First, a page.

Al’s surface and upper air analyses, as the best do, contained a wealth of detail and insight about the situation at hand on any given day of severe weather potential. Al was a champion and forceful advocate of manual map analysis, especially in this era of forecasters’ abusing the easy-way-out drug of objective alternatives, computer generated lines that so often can miss critical features or otherwise mislead the forecaster. The depth of insight to be gained from this practice is something to which I can attest first-hand, as can Jason and other professionals dedicated to excellence, who mindfully engage the art and science of hand analysis of weather charts on a daily basis. Al has been the best at conveying and explaining how and why this is so important.

On quite a few occasions, I’ve encountered Al out in the field, his energy and understanding of storms bountifully evident every time. My favorite Moller story (told at the 2008 TESSA meeting) was from the legendary Kress-Turkey supercell of 2001. I was chasing with Rich T and Jack Beven, and also chatting with Gilbert, while stopped along the S edge of the intense but nontornadic cyclonic shear zone. The storm seemed to be trying to lift wet cement, as the attempts at tornadic circulations just couldn’t quite deal with the shallow but strong layer of cold air at the surface. Al drove up, excited as always. He jumped out of his car, and in one fluid motion, pounded on my car’s roof and swept his hand toward the nearby circulation, while shouting, “This thing’s gonna produce!” Although it didn’t (at least, not on that attempt), it wasn’t for lack of effort. Elke and I also had a great time in a loose caravan (and eating dinner) with Al and Sam for several days back in 2003 in northeast New Mexico. More than once, I’ve been cruising down a windswept Great Plains highway, only to see Al out in some field of wildflowers or wheat, shooting away with that shutter.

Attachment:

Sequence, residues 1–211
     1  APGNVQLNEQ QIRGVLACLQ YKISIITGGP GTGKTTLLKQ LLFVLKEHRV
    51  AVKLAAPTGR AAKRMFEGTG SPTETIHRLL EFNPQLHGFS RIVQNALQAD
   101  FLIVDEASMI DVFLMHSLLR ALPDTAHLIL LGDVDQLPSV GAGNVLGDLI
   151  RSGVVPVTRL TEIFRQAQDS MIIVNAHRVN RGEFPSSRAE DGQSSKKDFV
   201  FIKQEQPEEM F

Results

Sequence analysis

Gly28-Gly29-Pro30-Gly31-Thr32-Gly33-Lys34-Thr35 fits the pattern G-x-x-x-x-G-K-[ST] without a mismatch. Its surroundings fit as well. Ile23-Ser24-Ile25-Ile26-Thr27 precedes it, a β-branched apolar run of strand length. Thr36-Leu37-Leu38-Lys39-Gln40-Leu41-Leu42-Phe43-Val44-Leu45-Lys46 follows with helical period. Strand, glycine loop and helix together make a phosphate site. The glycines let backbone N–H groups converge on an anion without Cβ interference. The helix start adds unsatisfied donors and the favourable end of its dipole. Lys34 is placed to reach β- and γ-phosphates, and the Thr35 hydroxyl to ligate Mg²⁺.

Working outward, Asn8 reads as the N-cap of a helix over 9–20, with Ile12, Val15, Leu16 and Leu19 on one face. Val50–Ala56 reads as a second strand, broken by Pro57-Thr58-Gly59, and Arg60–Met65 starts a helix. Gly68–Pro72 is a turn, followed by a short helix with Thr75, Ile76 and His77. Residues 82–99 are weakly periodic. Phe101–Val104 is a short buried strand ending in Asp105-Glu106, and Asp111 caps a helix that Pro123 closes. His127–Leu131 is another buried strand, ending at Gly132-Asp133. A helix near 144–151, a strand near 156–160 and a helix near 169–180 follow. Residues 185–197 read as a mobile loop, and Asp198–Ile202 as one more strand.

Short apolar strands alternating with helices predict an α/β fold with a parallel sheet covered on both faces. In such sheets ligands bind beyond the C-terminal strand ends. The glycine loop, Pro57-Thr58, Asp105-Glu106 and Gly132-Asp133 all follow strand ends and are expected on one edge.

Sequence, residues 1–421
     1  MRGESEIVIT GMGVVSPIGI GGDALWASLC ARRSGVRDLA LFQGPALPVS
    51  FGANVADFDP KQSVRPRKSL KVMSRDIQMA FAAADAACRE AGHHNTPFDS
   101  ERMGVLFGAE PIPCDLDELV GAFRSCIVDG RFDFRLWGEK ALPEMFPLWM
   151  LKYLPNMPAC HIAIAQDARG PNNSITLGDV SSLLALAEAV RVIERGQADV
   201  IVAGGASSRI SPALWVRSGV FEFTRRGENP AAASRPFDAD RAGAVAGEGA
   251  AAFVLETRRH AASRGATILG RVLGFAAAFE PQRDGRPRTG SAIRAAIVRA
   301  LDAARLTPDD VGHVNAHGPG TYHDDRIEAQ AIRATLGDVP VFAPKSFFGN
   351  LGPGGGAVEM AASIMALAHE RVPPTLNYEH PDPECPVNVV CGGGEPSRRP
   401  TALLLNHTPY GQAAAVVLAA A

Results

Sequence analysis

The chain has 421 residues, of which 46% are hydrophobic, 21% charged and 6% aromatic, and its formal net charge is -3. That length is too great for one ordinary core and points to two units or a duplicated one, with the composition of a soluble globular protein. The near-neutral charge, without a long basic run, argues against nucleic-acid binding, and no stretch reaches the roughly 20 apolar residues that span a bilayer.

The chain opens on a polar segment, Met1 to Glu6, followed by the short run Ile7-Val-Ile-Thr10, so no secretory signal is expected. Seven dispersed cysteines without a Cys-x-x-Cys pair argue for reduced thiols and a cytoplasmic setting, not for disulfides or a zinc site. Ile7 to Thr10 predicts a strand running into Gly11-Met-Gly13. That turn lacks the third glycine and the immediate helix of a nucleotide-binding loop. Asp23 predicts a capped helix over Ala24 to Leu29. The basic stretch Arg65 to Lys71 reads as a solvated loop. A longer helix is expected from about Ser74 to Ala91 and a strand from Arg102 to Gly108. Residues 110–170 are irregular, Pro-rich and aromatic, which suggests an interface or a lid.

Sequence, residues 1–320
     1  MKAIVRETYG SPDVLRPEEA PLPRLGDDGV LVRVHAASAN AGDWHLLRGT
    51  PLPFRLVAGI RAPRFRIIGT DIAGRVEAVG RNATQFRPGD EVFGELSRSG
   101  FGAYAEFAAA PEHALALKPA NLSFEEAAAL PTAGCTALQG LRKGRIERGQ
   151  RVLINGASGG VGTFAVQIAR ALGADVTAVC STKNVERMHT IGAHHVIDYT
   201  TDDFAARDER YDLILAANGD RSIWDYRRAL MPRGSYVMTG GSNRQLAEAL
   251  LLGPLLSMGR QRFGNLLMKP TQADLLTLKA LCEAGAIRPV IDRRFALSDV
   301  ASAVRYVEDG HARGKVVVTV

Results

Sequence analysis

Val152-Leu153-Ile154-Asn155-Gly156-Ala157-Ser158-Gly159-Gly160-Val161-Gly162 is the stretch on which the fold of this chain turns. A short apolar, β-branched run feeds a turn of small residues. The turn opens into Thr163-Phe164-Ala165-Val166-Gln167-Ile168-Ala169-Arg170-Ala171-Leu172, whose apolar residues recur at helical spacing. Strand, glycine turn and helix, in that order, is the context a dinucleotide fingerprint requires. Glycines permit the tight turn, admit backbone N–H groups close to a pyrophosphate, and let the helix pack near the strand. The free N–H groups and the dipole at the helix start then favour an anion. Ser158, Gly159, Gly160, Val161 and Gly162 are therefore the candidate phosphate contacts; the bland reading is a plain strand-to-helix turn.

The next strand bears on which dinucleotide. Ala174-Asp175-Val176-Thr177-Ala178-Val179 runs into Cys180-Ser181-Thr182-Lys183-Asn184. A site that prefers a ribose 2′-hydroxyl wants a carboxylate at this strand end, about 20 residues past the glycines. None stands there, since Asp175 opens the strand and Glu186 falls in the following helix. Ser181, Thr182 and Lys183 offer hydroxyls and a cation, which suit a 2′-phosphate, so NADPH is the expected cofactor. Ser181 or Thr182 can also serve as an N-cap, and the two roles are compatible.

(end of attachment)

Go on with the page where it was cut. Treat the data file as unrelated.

Though I long had been interested in documenting storms through taking pictures, it was Al who opened my eyes to the artistic and creative possibilities of shooting weather — and of photography as a whole. He gave a slide show at NSSL some time in the late 80s that absolutely blew my mind. As he narrated with his trademark gripping style of fire-and-brimstone elocution, his intense interest and passion for the subject bursting forth with each description of each slide, the images themselves absolutely captivated me. I’ve watched several of Al’s slide shows since, and they are absolute treats. With every such presentation, I saw something new and amazing, even in those slides I had seen before, learning by example from his skill.

With no slight intended to any of the other highly talented weather+landscape photographers around, I consider Al to be the very best, the gold standard of the craft. He was shooting amazing scenes up and down the Great Plains when many of today’s younger talented storm photographers were messing their diapers. When I found out that he had formed a correspondence with Galen Rowell, it was no surprise. Galen apparently was going to chase with Al, but the former’s stunning demise in a plane crash, tragically, kept that from happening. The combined photographic talent in that chase vehicle would have been absolutely unsurpassed in the annals of storm observing. I can feel confident in declaring that, given his obvious compositional abilities and intimate familiarity with his subject matter, Al is the Galen Rowell of the Great Plains. I hope that he ultimately becomes just as recognized for his abilities with a camera as Galen did, because Al has been every bit as good.

I also hope that Al gets to witness and shoot a lot more storms in his retirement, for as long as he still is able, because there is nothing quite so fittingly “right at home” as the idea of Al Moller hunched over a tripod, beneath some wildly colorful sky, anywhere across the vast landscapes of the Plains.